Cubase is right up there with some of the best DAWs and it has just about every mixing tool in the book. If you are new to the app or new to production in general you might be looking for some pointers that will help you get the best results when mixing your tracks.
Here are five quick pointers to get you started and get your creative juices flowing...
Most of you will know how to route tracks to auxiliary channels in Cubase. This process allows you to actually send several tracks into a group or bus. This is really useful for treating groups of similar instruments such as drums, vocals or guitars.
Although this is an extremely useful mixing tool there is in fact another kind of grouping that can be performed from within Cubase 6’s mixer. By selecting multiple tracks (hold down Shift) you can actually ‘Link Channels’. This has nothing to do with routing but instead enables you to control the level and other mixer functions of a number of channels at once.
Linking tracks in Cubase is extremely straightforward
This is ideal when working with a busy mix and you want to control multiple levels without creating a physical group. I often find it works well to temporarily link tracks to alter their levels without disturbing their relative mix. You can then unlink them to return to normal operation.
This may seem like an obvious one but by expanding the mixer you can view all sorts of data. You can choose to see all your inserts for example, every send level or even EQ settings.
One aspect of this feature I really love is the ability to see large level meters in a ‘Meter Bridge’ style display. It reminds me of working with large format consoles and can be great for getting instant feedback on recording levels and your overall mix. If you have large dual monitors this display can be left up permanently.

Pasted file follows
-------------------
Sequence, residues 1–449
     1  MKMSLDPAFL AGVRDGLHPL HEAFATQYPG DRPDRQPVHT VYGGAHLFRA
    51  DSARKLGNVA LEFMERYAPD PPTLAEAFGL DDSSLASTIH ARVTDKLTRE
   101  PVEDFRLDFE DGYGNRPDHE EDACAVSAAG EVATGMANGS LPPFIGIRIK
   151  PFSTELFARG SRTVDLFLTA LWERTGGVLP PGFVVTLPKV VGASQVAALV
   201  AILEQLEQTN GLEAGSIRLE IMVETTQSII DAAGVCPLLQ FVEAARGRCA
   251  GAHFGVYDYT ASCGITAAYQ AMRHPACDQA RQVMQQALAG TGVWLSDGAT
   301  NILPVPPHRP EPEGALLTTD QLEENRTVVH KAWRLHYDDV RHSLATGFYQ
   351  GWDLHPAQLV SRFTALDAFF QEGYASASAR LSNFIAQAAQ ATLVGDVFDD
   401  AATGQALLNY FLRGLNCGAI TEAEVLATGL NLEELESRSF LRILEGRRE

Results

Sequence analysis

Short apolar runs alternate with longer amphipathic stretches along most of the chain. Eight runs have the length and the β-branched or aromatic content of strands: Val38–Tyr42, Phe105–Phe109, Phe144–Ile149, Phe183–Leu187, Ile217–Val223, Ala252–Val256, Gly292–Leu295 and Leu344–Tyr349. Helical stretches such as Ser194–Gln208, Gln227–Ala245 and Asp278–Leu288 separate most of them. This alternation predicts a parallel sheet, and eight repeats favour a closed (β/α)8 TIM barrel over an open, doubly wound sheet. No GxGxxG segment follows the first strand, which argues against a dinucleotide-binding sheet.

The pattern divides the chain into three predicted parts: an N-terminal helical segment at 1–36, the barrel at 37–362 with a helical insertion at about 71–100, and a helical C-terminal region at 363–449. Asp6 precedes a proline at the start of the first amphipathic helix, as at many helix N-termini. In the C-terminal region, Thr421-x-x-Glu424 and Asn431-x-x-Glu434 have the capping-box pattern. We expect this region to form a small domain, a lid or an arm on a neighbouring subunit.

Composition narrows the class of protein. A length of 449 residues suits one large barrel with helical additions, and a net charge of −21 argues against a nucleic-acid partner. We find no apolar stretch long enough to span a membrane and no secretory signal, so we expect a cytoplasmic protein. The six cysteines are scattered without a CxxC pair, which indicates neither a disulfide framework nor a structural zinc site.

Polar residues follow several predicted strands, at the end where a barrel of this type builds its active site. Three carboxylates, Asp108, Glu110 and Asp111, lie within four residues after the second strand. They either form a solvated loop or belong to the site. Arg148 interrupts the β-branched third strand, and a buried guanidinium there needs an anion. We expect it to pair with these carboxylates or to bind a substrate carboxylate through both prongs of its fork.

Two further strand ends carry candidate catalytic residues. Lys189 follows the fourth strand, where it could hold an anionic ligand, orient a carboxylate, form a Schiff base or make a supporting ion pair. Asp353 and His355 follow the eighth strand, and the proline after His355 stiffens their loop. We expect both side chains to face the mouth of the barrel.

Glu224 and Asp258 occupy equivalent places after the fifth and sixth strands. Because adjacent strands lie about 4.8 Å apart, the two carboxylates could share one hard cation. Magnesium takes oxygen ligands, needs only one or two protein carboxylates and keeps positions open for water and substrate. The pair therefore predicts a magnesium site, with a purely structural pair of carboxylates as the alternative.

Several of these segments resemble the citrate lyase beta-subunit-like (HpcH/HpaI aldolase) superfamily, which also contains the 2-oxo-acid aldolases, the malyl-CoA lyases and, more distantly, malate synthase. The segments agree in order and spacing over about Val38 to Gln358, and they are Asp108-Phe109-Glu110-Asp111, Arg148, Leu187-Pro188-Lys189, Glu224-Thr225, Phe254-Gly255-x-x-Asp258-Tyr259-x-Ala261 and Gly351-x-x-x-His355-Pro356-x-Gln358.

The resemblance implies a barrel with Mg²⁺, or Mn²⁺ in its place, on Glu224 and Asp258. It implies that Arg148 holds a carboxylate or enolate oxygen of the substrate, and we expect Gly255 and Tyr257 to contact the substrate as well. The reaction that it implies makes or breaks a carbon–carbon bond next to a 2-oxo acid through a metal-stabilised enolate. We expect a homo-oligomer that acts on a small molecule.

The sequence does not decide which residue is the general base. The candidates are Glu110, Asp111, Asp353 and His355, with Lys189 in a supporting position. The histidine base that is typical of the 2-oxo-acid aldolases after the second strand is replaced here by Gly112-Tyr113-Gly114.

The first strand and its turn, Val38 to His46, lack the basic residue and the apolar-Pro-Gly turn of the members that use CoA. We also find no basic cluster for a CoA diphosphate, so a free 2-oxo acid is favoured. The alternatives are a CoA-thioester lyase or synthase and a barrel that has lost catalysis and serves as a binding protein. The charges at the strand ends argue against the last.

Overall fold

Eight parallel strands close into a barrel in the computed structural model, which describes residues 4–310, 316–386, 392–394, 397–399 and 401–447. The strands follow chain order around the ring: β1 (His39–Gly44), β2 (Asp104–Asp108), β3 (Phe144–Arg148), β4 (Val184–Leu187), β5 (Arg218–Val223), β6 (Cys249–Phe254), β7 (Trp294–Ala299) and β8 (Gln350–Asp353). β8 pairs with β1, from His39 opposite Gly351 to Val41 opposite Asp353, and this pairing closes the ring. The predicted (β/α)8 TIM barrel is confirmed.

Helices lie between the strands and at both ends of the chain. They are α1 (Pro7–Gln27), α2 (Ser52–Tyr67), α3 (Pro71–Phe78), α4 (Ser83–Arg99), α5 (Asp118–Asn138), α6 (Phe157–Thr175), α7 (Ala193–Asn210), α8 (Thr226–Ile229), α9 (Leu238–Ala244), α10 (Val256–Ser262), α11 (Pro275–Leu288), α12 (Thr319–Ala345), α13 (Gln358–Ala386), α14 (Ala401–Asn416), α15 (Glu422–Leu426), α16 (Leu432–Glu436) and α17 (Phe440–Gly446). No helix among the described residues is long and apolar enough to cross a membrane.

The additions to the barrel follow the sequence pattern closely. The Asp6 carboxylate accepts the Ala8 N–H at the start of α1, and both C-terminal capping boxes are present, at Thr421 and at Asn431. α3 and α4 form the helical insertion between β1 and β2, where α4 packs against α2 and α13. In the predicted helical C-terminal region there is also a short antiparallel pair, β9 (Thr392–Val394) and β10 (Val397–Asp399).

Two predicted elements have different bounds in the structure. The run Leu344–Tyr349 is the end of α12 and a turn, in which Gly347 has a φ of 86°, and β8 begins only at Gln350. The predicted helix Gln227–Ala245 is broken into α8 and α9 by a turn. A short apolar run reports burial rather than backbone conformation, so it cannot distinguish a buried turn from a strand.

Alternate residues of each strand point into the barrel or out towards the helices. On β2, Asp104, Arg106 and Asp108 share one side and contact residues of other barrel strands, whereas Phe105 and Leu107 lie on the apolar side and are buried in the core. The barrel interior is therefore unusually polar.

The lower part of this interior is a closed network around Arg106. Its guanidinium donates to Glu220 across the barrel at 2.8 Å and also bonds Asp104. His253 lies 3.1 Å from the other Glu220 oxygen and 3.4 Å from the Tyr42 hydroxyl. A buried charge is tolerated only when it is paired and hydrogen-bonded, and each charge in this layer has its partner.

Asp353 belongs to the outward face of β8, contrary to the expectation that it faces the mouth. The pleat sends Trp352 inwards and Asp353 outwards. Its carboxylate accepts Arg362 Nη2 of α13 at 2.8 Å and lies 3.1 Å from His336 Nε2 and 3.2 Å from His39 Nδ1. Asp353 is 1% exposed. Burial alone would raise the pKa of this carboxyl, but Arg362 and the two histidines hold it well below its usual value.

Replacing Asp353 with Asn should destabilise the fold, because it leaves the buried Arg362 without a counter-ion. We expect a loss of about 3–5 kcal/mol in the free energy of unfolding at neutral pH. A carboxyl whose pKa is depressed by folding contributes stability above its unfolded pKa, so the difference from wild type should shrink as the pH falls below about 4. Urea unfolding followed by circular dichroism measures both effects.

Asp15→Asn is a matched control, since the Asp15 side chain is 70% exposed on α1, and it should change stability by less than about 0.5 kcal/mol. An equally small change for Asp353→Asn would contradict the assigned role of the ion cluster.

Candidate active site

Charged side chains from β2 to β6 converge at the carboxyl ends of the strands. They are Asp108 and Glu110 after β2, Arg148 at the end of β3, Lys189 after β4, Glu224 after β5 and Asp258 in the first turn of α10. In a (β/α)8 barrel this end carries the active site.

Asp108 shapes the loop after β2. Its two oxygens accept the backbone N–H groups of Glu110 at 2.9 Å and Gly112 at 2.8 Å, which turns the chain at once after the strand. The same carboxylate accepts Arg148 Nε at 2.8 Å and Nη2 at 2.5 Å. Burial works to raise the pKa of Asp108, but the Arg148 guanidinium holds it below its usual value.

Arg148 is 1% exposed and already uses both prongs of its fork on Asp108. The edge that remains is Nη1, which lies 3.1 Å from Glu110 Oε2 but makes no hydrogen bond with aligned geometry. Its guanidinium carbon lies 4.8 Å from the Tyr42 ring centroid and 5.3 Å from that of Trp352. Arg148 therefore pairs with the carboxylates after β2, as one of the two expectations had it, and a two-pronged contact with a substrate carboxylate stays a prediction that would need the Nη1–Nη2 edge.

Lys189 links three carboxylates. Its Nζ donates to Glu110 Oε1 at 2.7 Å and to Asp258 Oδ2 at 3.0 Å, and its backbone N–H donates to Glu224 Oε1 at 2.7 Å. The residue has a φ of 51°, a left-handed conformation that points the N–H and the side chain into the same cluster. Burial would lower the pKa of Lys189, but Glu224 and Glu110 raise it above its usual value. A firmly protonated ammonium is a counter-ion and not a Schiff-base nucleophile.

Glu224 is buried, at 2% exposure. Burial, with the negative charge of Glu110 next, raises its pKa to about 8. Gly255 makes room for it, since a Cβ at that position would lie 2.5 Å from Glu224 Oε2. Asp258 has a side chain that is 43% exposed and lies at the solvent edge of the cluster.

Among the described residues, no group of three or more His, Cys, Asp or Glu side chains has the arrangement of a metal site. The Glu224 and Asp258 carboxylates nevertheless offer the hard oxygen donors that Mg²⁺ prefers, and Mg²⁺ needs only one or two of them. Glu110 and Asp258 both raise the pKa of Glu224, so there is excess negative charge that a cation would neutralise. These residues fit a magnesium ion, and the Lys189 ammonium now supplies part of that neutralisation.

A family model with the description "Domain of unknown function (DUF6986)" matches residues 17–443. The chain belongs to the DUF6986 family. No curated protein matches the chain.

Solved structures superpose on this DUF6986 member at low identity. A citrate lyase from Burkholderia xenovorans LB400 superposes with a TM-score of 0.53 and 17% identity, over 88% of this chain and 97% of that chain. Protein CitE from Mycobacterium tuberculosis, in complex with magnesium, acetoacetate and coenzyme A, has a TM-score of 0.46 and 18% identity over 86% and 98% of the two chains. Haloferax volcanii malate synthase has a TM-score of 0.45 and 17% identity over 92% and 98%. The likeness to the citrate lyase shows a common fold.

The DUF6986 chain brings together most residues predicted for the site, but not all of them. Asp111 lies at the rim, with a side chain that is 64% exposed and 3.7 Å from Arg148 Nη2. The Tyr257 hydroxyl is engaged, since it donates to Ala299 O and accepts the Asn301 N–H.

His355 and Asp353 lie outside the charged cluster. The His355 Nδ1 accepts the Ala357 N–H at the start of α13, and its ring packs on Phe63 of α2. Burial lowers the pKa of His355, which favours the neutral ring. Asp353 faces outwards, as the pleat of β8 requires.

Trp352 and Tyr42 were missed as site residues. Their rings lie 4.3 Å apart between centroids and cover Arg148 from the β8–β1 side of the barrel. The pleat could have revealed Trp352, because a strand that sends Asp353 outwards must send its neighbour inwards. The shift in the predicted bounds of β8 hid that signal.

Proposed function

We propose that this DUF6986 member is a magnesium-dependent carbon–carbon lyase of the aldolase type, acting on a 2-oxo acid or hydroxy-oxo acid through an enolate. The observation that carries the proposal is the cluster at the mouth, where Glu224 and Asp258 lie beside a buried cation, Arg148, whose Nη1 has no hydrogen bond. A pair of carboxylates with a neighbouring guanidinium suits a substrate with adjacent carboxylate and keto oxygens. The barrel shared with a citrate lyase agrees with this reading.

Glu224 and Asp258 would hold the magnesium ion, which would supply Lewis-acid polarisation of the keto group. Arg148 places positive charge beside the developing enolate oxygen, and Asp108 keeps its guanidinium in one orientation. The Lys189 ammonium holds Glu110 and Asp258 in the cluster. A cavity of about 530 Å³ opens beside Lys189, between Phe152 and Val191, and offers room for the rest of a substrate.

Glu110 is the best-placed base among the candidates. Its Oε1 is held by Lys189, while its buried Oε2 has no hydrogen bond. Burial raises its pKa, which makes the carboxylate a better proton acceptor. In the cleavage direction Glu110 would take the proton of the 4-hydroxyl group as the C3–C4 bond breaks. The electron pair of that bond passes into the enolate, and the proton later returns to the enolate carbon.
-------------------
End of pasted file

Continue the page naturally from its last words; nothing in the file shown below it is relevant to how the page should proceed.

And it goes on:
The large meter mode in Cubase 6’s mixer.
When mixing a track you might find that you hit on a certain combination of processors and channel settings that just really works. It may be a fantastic vocal chain or a compressor and EQ setting that makes your drum group pop. Whatever it is you might feel that you want to call up this combo again in the future.
By selecting the channel in question you will see a pop-up menu. From here you can save the entire channel strip setting to any location. You can also load up previously saved set ups here, too. This is a great tool for speeding up the mixing process, you can even try saving and loading entire mixer set ups.
Saving a channel strip setting
The Cubase bundled EQ is often overlooked and over the years this humble processor has really come of age. Its quality parallels that of many third party plug-ins and as it is designed to work with Cubase it is extremely processor efficient.
The main advantage of using the Cubase EQ is that it can be accessed directly within the channel strip. By simply hitting the on button you can activate the EQ and you instantly have excellent visual feedback thanks to the huge display area.
Cubase 6’s excellent built in channel strip EQ
And remember: if you have a dedicated Cubase compatible control surface that you use with Cubase all of the included EQ’s settings will be instantly mapped to its controls. About as close to using hardware as you’ll get!
One thing I get asked about all the time is side chaining (regardless of the DAW involved). Just about all production apps now have this feature built-in and Cubase 6 is no exception. Thankfully it’s also very easy to set up!
From within any used chain compatible plug-in, such as Cubase’s own compressor, activate the side chain button in the upper section of the plug-ins interface. With this done move back to the channel strip.
Activating the Side Chain Mode
You can now select the side chain as a send for any of the send slots and send exactly the amount of side chain input to your channel and from any channel as well.
Sending level to the side chain
Easy as that and an extremely useful technique!
Mo has been a professional in the music industry for around 15 years. He has released material with the world's leading record labels and also produces music for TV and Film. Mo is also a prolific writer and is a regular contributor to magazines such as Music Tech, Future Music and EQ magazine. There isn't a piece of music software that Mo isn't intimately familiar with and he lives happily on the cutting edge of music technology